'The White Cat of Christmas': A not-quite Dickens of a carol
There'll be scary ghost stories
And tales of the glories of
Christmases long, long ago.
“It's the Most Wonderful Time of the Year”
Edward Pola & George Wyle (1963)
“Eight years ago this very night,” he muttered to himself, mentally affecting a dialect decidedly British, loosely mimicking the musings of the fictional Bob Cratchit, who, in “A Christmas Carol,” recalled the death seven years earlier of Jacob Marley, the partner of one equally hard-nosed Ebeneezer Scrooge.
It was eight years ago on a frustrating mid-December evening that “The White Cat of Christmas,” as he had come to call it, had returned — 32 years after its first appearance.
The blustery morning after his mother's 1972 death, a few months before Christmas, with his father and brothers at the funeral home making arrangements, and having just hung up the phone from explaining to the high school attendance officer why he was absent that day, he took note of the light coming from under the door to the garage.
The garage door itself was closed; someone must have left the light on, he figured.
It was a light, but not the garage light.
He opened the door. And what to his wondering though grief-filled eyes should appear, sitting atop an air compressor in the garage's far corner, but a cat.
A white cat.
Perhaps the brightest, whitest cat he had ever seen.
You could even say it glowed.
Their eyes met.
But there was no fear in either set.
Then, to his speechless astonishment, the cat “spoke”:
“I'll be all right,” it said.
In his mother's voice.
As quickly as it had spoken, the cat lighted from its perch and escaped through the space between the garage door and sill not even a quarter the size of its girth.
Doubting his senses at first, perhaps, as Scrooge had rationalized when the ghost of Marley visited him, this ghostly cat was the result of “an undigested bit of beef, a blot of mustard, a crumb of cheese, a fragment of an underdone potato.”
But he knew what he had seen, or at least what he thought he had seen: The cat was real and the “voice” was true. But he also knew he could tell no one for the disbelief and even derision that would follow.
And so, he remained silent for the next 32 years — until that night in mid-December 2004, in a different time and a different place.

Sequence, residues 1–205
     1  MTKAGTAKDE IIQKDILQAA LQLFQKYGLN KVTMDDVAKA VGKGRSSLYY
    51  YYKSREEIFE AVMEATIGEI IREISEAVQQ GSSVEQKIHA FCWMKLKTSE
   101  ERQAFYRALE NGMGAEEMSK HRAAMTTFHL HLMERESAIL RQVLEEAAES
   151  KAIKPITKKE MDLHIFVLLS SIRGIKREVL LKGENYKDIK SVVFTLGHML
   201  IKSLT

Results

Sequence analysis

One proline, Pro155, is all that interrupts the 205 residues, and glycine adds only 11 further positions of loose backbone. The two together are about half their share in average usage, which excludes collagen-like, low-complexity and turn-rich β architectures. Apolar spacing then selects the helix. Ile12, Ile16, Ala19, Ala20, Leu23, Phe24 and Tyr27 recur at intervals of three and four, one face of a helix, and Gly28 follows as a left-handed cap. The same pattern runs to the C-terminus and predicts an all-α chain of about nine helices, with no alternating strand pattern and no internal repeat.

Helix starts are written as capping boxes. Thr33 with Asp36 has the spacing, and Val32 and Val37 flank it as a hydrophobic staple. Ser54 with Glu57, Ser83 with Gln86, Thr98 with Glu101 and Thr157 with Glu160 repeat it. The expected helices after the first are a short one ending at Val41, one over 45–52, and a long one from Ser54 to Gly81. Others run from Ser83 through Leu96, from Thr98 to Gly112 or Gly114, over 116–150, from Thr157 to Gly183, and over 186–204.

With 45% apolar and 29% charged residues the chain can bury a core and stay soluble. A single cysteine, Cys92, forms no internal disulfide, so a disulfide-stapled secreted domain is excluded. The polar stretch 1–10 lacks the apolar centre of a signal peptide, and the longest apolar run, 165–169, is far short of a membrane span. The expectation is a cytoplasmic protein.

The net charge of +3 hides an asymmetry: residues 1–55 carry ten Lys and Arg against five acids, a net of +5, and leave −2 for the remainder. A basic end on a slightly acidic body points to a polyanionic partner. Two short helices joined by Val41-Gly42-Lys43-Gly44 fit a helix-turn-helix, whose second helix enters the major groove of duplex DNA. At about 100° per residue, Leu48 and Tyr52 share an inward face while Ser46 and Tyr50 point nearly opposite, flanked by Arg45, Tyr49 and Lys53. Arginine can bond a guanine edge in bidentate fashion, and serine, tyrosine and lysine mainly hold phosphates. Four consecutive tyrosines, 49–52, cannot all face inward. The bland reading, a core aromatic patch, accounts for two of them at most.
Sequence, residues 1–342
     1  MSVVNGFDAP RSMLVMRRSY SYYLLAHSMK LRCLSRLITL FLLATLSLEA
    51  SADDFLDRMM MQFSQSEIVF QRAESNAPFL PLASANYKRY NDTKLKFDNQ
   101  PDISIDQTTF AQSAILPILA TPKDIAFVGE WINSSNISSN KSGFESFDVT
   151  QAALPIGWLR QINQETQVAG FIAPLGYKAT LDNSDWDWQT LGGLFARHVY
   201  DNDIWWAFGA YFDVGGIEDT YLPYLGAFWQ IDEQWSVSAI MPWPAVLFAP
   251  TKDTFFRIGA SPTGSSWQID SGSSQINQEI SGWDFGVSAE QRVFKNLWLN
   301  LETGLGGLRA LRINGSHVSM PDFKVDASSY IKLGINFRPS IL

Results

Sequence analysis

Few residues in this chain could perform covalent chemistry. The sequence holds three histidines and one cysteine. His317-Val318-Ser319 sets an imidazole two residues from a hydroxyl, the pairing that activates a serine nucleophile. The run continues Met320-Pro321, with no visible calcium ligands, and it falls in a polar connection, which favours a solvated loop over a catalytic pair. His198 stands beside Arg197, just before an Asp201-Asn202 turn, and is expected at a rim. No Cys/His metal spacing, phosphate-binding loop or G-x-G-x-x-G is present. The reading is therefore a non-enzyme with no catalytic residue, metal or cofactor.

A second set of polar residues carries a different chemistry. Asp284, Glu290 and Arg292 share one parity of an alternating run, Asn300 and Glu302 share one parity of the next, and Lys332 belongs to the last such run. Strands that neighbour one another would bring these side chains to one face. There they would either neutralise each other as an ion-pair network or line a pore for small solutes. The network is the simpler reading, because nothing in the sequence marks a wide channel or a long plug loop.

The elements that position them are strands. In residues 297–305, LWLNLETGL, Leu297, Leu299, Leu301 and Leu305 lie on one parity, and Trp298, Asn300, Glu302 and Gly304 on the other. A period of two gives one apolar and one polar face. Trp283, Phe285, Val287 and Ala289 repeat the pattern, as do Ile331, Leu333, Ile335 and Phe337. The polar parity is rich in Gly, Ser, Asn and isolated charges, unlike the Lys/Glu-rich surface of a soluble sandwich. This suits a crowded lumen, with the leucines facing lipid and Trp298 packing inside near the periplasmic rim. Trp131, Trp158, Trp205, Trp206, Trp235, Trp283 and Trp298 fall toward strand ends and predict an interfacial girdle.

Things were not going well on the new model train platform that year. The rush was on to complete it for Christmas but it seemed as if every engine and every car on every line was derailing. And no matter what corrective measures he took, the problems could not be remedied. Some grew worse.
Suddenly, the unthinkable was becoming the thinkable, if not the probable. And visions of Santa Claus telling his elves that, due to a raging storm, Christmas would be canceled this year began to dance through his head.
Conceding defeat, he left his garage workshop and repaired upstairs to make the announcement: “There will be no train platform this year,” he told the family.
He soothed his dejection before his hearth.
Hours later, he returned to the basement to retrieve something from a freezer. He noticed there was a light coming from under the door; he must have left the light on, he surmised.
But opening the door he found not the garage workshop light on but ...
Sitting atop a table saw just adjacent to the garage door was a cat.
A white cat.
Perhaps the brightest, whitest cat he had ever seen. You could even say it glowed.
It was the same cat of 32 years ago.
Their eyes met.
But, again, there was no fear in either set.
Then, the cat “spoke”:
“Have patience,” it said.
In the voice of his father who had died 21⁄2 years before.
And again, as quickly as it had spoken, it lighted from its perch on the table saw and departed, this time under a garage door whose fit between sill and edge was as tight as Scrooge's purse strings.
He told his family.
Their skepticism was palpable.
He told select friends.
Their doubt was just as manifest.
He even wrote of it but was persuaded, at least at the time, to think better of it for being branded as something less than flattering. (The “Catman of Catalpa” came to mind. So, too, did “crazy” and a headline such as “‘Shove it' editor sees talking cat.”)
Fact? Fiction? Whether the “White Cat of Christmas” was real or a figment of an imagination fueled 40 years ago by someone seeking solace in profound grief, then 32 years hence by someone seeking solace from profound frustration, remains a question for the ages — if not a question for the comforting angels of Christmas.
Colin McNickle is the Trib's director of editorial pages (412-320-7836 or firstname.lastname@example.org).
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